Known as the jewel of the Caribbean, the Mesoamerican Reef is a rich tapestry of coral reefs, mangrove forests, coastal wetlands and diverse marine life. Although the reefs have survived seasonal onslaughts of hurricanes and other natural disasters, they may not be so well prepared to withstand the impact of human activity.
Stretching nearly 1,000km from the northern tip of Mexico's Yucatan Peninsula and the Caribbean coasts of Belize and Guatemala to the Bay Islands off northern Honduras, the Mesoamerican Reef is the largest reef system in the Americas and only second in the world after the Great Barrier Reef.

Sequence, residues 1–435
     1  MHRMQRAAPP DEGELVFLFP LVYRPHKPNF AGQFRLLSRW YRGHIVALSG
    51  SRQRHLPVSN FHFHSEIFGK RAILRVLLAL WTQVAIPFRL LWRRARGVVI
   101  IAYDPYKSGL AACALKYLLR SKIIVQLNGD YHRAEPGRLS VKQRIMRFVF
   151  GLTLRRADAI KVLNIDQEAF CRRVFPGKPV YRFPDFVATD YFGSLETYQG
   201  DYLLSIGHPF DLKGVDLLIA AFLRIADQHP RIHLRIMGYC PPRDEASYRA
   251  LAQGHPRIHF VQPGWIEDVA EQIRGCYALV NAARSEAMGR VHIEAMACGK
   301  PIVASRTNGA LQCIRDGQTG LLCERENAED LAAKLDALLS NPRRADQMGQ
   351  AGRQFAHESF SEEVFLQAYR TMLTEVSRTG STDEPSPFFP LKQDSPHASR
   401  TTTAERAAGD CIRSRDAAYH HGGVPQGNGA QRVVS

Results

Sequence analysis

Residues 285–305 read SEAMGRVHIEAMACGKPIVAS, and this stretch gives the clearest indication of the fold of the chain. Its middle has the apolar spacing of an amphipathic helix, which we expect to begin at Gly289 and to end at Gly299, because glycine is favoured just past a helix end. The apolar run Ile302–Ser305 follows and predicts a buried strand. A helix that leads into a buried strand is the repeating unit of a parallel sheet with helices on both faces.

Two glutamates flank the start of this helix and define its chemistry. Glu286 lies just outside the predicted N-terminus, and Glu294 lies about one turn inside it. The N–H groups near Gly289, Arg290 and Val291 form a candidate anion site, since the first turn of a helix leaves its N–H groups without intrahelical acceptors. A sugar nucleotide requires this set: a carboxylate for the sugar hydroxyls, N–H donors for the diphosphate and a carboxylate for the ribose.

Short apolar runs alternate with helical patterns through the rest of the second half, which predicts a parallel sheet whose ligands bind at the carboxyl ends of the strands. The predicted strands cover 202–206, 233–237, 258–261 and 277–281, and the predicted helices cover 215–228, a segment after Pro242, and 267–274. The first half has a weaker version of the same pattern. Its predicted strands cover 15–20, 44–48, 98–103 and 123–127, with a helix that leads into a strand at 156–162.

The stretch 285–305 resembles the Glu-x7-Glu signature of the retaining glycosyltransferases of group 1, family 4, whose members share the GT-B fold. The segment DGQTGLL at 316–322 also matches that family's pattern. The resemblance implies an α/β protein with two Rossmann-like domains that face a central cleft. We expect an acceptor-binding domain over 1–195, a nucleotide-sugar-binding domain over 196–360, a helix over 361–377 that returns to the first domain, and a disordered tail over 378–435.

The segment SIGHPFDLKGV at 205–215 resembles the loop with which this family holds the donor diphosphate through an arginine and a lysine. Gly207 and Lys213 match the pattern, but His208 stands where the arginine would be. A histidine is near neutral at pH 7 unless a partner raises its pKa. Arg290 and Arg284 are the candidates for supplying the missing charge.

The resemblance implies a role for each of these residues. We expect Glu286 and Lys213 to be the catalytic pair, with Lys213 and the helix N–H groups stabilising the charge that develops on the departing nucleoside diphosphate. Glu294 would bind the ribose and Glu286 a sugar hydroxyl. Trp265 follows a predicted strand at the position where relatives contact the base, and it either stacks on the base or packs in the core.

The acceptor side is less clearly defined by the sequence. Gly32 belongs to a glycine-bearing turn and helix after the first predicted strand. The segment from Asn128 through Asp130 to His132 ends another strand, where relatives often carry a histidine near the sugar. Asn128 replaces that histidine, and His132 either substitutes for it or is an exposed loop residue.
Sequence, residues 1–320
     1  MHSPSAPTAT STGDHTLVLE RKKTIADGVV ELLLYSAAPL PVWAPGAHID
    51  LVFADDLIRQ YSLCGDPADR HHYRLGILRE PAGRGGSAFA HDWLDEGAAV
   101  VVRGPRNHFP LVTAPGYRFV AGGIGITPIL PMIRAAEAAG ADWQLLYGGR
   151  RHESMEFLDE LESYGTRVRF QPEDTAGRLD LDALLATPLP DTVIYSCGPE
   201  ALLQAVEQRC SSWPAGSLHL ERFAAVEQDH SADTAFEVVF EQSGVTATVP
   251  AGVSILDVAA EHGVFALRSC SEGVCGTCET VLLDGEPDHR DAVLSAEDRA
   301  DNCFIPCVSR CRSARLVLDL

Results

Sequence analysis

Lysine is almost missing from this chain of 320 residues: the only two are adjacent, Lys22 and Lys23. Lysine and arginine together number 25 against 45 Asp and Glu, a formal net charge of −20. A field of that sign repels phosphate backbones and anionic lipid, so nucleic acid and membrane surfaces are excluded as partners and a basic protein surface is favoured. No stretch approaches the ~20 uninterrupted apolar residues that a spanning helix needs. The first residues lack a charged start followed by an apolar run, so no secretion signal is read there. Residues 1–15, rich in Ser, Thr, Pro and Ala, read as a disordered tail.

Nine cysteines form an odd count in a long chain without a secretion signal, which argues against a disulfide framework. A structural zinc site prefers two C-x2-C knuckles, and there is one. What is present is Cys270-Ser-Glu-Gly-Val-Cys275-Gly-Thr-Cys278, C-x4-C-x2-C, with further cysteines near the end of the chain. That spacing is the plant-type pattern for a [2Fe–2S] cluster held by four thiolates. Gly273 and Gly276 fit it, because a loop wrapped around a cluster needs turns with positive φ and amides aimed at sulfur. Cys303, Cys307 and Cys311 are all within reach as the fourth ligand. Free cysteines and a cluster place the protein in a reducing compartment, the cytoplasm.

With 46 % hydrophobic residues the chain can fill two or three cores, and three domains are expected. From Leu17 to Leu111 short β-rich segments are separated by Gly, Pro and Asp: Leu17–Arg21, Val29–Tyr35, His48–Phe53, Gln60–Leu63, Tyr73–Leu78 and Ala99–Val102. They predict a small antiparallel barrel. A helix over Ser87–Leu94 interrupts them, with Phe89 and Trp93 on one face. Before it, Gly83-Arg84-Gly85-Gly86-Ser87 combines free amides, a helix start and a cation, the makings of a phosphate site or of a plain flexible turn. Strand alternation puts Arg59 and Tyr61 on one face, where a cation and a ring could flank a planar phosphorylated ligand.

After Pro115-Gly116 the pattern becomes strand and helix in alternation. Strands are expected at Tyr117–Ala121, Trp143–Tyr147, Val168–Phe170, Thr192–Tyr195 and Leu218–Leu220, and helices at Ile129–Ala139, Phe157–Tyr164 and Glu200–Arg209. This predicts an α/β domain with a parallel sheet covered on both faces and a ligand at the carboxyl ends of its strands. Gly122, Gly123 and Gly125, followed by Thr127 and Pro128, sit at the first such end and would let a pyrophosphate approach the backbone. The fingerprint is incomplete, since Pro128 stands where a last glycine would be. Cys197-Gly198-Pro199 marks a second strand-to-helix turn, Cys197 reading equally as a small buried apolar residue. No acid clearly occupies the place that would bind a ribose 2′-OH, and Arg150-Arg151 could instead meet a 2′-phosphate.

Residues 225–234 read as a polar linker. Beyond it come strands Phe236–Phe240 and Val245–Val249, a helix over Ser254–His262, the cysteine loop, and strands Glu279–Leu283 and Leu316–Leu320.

Coastal wetlands, lagoons, mangrove forests and seagrass beds provide habitat for numerous coral and fish species, and act as an important defense against storms and coastal erosion.
It is also home to one of the world's largest population of manatees, mammoth whale sharks, several species of marine turtles and other amazing marine life.
Although the Mesoamerican Reef has managed to survive the intensity of seasonal tropical storms, it may not be so well prepared to withstand the impact of people.
Coastal development, unregulated tourism, pollution and overfishing threaten the reef system.